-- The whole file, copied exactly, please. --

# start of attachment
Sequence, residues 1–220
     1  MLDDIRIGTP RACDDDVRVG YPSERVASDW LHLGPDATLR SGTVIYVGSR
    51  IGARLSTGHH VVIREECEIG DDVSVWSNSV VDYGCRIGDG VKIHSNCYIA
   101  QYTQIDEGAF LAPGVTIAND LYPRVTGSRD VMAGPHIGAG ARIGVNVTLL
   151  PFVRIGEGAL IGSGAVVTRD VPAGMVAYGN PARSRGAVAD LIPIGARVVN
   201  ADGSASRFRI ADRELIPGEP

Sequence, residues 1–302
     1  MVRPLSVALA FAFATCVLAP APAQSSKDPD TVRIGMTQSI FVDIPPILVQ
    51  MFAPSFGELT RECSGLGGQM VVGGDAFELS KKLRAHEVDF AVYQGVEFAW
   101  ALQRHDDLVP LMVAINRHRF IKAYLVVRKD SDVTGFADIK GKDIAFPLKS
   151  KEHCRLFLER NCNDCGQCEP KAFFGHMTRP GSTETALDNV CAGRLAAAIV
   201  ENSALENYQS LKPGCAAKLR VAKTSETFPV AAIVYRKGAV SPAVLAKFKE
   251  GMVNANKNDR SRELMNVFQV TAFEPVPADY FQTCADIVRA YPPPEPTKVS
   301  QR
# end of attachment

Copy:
Sequence, residues 1–220
     1  MLDDIRIGTP RACDDDVRVG YPSERVASDW LHLGPDATLR SGTVIYVGSR
    51  IGARLSTGHH VVIREECEIG DDVSVWSNSV VDYGCRIGDG VKIHSNCYIA
   101  QYTQIDEGAF LAPGVTIAND LYPRVTGSRD VMAGPHIGAG ARIGVNVTLL
   151  PFVRIGEGAL IGSGAVVTRD VPAGMVAYGN PARSRGAVAD LIPIGARVVN
   201  ADGSASRFRI ADRELIPGEP

Sequence, residues 1–302
     1  MVRPLSVALA FAFATCVLAP APAQSSKDPD TVRIGMTQSI FVDIPPILVQ
    51  MFAPSFGELT RECSGLGGQM VVGGDAFELS KKLRAHEVDF AVYQGVEFAW
   101  ALQRHDDLVP LMVAINRHRF IKAYLVVRKD SDVTGFADIK GKDIAFPLKS
   151  KEHCRLFLER NCNDCGQCEP KAFFGHMTRP GSTETALDNV CAGRLAAAIV
   201  ENSALENYQS LKPGCAAKLR VAKTSETFPV AAIVYRKGAV SPAVLAKFKE
   251  GMVNANKNDR SRELMNVFQV TAFEPVPADY FQTCADIVRA YPPPEPTKVS
   301  QR